This Summary and the Abstract herein are provided to introduce a selection of concepts in a simplified form that are further described below in the Detailed Description. This Summary and the Abstract are not intended to identify key features or essential features of the claimed subject matter, nor are they intended to be used as an aid in determining the scope of the claimed subject matter. The claimed subject matter is not limited to implementations that solve any or all disadvantages noted in the background. In a first aspect the invention provides an assembly for generating energy from sea currents comprising a main floating body to be oriented across the direction of the sea current, rotor assemblies depending from (supported by) said main floating body, at least one stabilising member extending substantially sideways from the main floating body and mooring lines for anchoring the assembly. Each stabilising member is attached to the main floating body at a position substantially corresponding with the position of attachment of a mooring line.

As a result the bending stresses in the main floating body may be reduced dramatically because the location where forces caused by the stabilising member are introduced into the main floating body coincides with the location where forces caused by the respective mooring line are introduced into the main floating body. As a further advantage the stabilising member may be used as a constructive member which is part of the means for attaching the mooring line to the main floating body, such that the overall constructional complexity and weight of the main floating body may be reduced further.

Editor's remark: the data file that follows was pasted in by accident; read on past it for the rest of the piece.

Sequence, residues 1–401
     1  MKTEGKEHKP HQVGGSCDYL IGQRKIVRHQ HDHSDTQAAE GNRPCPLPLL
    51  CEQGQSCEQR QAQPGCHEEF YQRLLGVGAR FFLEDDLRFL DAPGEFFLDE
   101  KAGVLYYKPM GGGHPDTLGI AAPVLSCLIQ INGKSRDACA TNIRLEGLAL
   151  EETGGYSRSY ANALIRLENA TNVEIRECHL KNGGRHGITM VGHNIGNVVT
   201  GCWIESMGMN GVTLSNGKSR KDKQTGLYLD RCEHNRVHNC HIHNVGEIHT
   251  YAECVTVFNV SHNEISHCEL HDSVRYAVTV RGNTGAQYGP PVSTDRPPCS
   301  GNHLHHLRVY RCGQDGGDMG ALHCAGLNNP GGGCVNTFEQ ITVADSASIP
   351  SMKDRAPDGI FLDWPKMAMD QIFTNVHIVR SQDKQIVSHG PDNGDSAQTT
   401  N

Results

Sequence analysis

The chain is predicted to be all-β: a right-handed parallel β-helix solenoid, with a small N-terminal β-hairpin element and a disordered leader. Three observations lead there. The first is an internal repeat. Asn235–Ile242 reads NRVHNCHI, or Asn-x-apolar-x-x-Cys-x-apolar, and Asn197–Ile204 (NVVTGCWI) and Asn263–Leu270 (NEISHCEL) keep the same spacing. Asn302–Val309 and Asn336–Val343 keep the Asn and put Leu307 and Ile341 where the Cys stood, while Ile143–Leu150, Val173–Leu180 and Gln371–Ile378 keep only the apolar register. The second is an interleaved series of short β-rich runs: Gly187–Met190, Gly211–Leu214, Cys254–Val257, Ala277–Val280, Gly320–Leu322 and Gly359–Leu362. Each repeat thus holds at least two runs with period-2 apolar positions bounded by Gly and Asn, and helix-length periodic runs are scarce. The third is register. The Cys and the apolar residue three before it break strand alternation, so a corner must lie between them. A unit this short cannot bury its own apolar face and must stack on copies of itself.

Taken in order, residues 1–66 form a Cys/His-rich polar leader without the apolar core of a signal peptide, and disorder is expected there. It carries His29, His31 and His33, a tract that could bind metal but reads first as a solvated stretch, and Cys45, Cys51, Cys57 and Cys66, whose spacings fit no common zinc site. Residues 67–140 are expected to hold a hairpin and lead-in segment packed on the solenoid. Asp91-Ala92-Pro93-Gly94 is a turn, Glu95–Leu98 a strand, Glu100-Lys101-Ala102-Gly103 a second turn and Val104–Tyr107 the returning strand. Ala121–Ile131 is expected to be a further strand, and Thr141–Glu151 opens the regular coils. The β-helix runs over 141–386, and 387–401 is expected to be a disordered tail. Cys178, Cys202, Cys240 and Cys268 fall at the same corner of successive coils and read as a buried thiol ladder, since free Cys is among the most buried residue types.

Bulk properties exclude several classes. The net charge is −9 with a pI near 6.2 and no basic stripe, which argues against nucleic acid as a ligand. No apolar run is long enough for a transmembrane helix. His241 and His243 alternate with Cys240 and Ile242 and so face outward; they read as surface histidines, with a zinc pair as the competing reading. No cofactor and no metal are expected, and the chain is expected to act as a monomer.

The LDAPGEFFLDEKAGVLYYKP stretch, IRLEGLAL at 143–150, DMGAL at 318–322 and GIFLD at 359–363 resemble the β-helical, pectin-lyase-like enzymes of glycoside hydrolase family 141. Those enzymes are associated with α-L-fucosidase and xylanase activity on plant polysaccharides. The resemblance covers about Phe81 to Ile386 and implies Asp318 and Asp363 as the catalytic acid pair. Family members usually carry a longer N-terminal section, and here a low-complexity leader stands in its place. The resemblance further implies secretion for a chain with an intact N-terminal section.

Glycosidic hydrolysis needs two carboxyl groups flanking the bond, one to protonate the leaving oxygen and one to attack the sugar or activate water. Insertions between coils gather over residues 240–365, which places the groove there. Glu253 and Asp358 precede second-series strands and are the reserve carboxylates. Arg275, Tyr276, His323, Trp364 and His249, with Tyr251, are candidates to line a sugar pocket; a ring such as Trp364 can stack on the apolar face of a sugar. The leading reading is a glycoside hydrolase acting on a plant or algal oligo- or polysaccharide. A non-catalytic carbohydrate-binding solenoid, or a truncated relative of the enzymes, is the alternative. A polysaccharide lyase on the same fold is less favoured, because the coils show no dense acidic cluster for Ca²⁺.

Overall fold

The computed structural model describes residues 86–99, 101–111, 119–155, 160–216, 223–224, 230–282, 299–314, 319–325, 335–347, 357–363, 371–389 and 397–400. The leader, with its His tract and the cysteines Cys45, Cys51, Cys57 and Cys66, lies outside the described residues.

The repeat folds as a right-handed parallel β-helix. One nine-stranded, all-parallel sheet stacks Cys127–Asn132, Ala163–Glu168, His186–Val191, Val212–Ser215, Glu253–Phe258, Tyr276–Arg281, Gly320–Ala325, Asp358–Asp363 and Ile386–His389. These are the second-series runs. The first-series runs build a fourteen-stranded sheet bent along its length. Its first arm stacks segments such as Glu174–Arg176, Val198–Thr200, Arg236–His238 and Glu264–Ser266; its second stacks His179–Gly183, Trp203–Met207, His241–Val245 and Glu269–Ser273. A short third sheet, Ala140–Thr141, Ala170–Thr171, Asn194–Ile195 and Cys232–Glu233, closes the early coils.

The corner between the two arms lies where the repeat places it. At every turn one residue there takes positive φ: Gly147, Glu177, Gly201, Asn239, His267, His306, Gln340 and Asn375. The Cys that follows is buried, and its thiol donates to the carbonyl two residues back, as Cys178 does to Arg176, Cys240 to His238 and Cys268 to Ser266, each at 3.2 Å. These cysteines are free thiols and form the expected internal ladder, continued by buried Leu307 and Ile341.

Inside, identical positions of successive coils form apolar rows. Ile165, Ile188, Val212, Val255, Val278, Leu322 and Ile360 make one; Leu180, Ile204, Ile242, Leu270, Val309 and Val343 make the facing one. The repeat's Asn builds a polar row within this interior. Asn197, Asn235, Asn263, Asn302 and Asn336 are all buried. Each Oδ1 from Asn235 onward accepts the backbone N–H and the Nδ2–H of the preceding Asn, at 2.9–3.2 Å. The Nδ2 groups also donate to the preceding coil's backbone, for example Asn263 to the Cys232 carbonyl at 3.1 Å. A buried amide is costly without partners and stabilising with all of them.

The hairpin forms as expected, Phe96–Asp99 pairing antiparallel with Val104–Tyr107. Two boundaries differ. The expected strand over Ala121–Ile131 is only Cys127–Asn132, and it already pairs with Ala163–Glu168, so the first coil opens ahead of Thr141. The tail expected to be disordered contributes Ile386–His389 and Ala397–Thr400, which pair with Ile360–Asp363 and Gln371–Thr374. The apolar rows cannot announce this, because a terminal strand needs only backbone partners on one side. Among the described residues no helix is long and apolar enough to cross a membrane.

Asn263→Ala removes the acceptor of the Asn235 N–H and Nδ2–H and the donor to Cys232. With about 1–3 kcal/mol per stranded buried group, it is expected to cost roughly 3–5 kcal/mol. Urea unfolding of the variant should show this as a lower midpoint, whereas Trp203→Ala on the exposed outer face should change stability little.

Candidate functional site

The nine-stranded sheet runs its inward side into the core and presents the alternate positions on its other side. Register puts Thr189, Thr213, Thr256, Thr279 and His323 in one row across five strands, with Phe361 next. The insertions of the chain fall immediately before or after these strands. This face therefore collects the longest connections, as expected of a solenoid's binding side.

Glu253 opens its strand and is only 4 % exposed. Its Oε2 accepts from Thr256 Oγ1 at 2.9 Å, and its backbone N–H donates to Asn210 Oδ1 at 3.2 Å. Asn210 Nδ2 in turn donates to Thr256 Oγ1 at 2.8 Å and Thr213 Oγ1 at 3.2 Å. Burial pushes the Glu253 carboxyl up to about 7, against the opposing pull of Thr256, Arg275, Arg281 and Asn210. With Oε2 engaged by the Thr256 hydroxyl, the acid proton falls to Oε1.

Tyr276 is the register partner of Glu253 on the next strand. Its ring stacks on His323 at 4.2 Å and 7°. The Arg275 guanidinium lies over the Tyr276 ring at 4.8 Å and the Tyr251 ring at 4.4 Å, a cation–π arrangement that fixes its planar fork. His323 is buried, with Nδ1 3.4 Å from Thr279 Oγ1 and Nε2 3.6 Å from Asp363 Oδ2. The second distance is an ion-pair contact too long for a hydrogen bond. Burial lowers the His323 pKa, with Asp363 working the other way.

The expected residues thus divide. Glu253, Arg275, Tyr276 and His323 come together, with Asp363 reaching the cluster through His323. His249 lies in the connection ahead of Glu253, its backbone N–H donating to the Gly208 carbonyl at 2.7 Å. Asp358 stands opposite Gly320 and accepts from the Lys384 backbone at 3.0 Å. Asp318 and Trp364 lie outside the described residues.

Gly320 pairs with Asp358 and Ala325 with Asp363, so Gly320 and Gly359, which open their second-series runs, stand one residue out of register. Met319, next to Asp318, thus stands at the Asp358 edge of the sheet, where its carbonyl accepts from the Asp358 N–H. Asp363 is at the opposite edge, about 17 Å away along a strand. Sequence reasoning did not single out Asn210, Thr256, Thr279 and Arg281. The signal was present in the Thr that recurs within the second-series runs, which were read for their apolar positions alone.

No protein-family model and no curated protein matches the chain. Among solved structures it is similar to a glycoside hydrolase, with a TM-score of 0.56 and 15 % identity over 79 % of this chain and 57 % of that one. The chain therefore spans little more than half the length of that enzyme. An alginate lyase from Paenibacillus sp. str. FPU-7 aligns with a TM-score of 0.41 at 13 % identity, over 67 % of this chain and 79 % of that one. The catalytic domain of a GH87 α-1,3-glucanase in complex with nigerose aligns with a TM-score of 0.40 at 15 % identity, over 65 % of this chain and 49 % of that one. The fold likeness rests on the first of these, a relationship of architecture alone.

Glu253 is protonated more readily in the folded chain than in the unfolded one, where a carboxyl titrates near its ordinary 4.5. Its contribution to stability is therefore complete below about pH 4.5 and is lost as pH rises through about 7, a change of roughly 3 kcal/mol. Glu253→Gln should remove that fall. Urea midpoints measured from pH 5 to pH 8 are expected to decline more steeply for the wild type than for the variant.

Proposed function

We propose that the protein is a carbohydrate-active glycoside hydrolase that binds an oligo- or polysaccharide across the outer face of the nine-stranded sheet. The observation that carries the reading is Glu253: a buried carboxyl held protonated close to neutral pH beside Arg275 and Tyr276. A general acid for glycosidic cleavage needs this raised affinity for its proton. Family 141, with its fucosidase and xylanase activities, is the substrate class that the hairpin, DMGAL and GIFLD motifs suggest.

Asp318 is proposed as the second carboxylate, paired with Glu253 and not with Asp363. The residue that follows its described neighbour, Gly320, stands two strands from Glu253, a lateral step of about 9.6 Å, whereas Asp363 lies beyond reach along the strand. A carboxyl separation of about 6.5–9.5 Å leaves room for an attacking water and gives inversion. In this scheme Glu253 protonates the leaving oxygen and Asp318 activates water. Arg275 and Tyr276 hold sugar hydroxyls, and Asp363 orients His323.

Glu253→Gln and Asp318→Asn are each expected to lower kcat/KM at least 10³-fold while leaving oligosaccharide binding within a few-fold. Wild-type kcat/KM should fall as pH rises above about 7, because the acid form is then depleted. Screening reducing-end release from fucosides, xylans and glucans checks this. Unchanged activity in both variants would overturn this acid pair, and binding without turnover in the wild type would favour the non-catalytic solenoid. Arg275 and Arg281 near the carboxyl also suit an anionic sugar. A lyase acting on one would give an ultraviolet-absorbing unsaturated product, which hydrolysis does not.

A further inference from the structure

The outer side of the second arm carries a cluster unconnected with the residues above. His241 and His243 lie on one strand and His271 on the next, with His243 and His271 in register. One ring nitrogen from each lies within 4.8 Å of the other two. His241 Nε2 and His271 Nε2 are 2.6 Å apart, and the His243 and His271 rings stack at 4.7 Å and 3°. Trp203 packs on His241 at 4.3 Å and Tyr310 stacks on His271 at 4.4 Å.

In one embodiment, the assembly comprises at least two stabilising members which, for example, are positioned at the same side of the main floating body. When, indeed, the stabilising members are positioned at the same side of the main floating body, the opposite side remains free from obstructions and is accessible for vessels, such as a maintenance vessel.